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Reactors designed by Argonne National Laboratory

Awards

2006 R&D 100 award

Printable Organization Chart (70 KB)
  • R&D 100 AwardsAwardees:
    Ken Natesan and Zuotao Zeng
    Engineering Development & Applications Department
    Corrosion & Mechanics of Materials Section
    Project description: Materials Resistant to Metal Dusting Degradation
    Project Application: Production of more durable equipment for use in plants that manufacture hydrogen

The "Materials resistant to metal dusting degradation" project by Ken Natesan and Zuotao Zeng, is one of the five Argonne projects which made into the list of the world's 100 most technologically significant products introduced into the marketplace during 2005, as judged by R&D Magazine.

Metal dusting is a type of degradation that occurs at elevated temperatures in hydrocarbon-containing atmospheres in which carbon activity is high. Such environments are prevalent in chemical and petrochemical industries such as hydrogen-, methanol-, and ammonia-reformers and in synthesis gas production plants. The degradation of metallic component materials into powder form and the resulting damage make it difficult to maintain equipment used in these industries. Fifty years of previous research could not solve this problem, and the only available solution was to quench the high-temperature gases by lowering the working temperature, which results in energy loss and decreased product yield.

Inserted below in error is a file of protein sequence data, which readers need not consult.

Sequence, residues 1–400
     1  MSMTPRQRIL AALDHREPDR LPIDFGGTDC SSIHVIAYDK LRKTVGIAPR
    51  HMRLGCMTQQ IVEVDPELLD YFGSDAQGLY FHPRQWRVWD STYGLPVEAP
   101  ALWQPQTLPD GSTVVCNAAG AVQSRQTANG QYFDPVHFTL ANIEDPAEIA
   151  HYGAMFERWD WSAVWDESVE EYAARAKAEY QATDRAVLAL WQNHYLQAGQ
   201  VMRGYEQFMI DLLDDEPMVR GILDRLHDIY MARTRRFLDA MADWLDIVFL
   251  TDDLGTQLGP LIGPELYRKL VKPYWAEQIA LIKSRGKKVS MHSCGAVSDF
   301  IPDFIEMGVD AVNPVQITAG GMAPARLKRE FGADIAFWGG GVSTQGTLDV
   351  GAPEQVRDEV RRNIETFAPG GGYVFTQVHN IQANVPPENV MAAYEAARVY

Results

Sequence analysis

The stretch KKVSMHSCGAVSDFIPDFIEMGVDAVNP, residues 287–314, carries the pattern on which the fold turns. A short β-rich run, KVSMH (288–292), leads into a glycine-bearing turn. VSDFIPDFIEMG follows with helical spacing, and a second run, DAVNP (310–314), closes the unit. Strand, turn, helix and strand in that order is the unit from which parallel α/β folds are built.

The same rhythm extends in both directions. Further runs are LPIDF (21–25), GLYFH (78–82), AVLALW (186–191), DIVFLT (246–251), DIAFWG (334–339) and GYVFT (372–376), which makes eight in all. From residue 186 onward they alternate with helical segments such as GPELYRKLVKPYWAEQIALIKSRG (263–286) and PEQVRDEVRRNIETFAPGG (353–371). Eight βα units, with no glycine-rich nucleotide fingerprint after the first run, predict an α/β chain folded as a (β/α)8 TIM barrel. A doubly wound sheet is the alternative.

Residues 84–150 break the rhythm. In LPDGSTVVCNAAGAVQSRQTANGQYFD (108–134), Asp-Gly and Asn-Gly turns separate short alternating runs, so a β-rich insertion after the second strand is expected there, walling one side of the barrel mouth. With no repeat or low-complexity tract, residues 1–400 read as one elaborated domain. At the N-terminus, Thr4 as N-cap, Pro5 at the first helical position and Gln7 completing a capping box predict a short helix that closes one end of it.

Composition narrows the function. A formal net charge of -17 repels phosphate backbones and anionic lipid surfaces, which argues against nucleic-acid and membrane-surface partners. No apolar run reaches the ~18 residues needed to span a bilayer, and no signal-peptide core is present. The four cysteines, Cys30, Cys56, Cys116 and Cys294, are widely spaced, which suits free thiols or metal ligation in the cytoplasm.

Ken Natesan and Zuotao Zeng (both from NE's Engineering Development & Applications Department, Corrosion & Mechanics of Materials Section) developed alloys that resist this type of degradation and can be used to build equipment for these industries.

Available for licensing
New alloys resist metal dusting and extend equipment life
[52KB] - from Argonne Technology Transfer website

The equipment built with these metal dusting-resistant alloys could save 500 trillion Joules of energy each day, which is equivalent to 13 million standard cubic meters of natural gas each day.

Application of these alloys in the future may also enable a complete redesign of the reforming systems with improved efficiency.

Financially, this innovation could save $500 million to $103 billion per year in the hydrogen industry alone and could increase industrial productivity by enabling machinery to function with fewer maintenance shutdowns.  Such savings will become increasingly important as hydrogen is used more as a source of energy.

The research was funded by the Industrial Technologies Program of DOE's Office of Energy Efficiency and Renewable Energy.

Metal Dusting MaterialsMacroscopic photographs of commercial nickel-based Alloy 600 (left) and Argonne's new alloy (right) after 5,700 hours of exposure to the same metal-dusting environment at 593°C.
Click on photo to view a larger image.

Last Modified: Thu, April 21, 2016 4:02 AM

 

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For more information, please contact the Nuclear Engineering Division () at Argonne.